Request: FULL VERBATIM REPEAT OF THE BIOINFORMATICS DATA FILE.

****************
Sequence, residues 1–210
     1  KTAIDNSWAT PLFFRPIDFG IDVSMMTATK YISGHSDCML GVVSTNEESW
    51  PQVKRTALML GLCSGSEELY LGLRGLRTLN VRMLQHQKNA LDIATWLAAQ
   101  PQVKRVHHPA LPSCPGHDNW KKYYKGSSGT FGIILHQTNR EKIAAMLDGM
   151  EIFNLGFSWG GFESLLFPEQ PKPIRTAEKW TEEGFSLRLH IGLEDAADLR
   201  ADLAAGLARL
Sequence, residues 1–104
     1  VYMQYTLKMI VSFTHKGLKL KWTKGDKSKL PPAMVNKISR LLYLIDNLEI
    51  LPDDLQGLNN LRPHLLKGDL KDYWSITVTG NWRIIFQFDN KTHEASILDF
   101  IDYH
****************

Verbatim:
Sequence, residues 1–210
     1  KTAIDNSWAT PLFFRPIDFG IDVSMMTATK YISGHSDCML GVVSTNEESW
    51  PQVKRTALML GLCSGSEELY LGLRGLRTLN VRMLQHQKNA LDIATWLAAQ
   101  PQVKRVHHPA LPSCPGHDNW KKYYKGSSGT FGIILHQTNR EKIAAMLDGM
   151  EIFNLGFSWG GFESLLFPEQ PKPIRTAEKW TEEGFSLRLH IGLEDAADLR
   201  ADLAAGLARL
Sequence, residues 1–104
     1  VYMQYTLKMI VSFTHKGLKL KWTKGDKSKL PPAMVNKISR LLYLIDNLEI
    51  LPDDLQGLNN LRPHLLKGDL KDYWSITVTG NWRIIFQFDN KTHEASILDF
   101  IDYH